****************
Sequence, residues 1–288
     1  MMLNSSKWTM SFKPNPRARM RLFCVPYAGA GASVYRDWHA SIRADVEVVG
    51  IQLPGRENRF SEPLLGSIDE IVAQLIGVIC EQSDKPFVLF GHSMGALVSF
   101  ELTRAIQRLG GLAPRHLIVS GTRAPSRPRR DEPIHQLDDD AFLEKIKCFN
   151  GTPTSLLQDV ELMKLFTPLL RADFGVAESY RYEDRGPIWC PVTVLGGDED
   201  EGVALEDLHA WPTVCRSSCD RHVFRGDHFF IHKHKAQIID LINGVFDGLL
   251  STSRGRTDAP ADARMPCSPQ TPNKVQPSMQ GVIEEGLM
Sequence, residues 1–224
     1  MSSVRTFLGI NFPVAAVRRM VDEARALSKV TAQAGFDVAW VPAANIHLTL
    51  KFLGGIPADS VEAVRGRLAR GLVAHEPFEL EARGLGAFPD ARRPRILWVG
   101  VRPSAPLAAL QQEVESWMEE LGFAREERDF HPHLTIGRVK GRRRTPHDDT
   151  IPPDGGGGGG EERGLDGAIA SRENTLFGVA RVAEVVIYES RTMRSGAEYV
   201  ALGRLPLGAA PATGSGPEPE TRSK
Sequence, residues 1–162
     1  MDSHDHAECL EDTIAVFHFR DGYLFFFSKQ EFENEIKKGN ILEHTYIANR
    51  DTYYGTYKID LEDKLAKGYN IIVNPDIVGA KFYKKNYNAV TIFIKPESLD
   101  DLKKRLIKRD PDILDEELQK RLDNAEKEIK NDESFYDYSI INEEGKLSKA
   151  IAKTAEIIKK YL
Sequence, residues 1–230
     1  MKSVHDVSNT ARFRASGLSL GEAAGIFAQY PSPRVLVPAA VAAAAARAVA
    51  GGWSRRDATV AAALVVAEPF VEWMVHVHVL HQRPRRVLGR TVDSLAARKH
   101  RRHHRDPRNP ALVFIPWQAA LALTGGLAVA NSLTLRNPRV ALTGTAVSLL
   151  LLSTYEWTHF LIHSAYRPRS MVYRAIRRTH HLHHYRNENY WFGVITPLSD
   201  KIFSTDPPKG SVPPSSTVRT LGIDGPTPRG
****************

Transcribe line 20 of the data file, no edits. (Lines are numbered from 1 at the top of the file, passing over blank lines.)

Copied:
     1  MKSVHDVSNT ARFRASGLSL GEAAGIFAQY PSPRVLVPAA VAAAAARAVA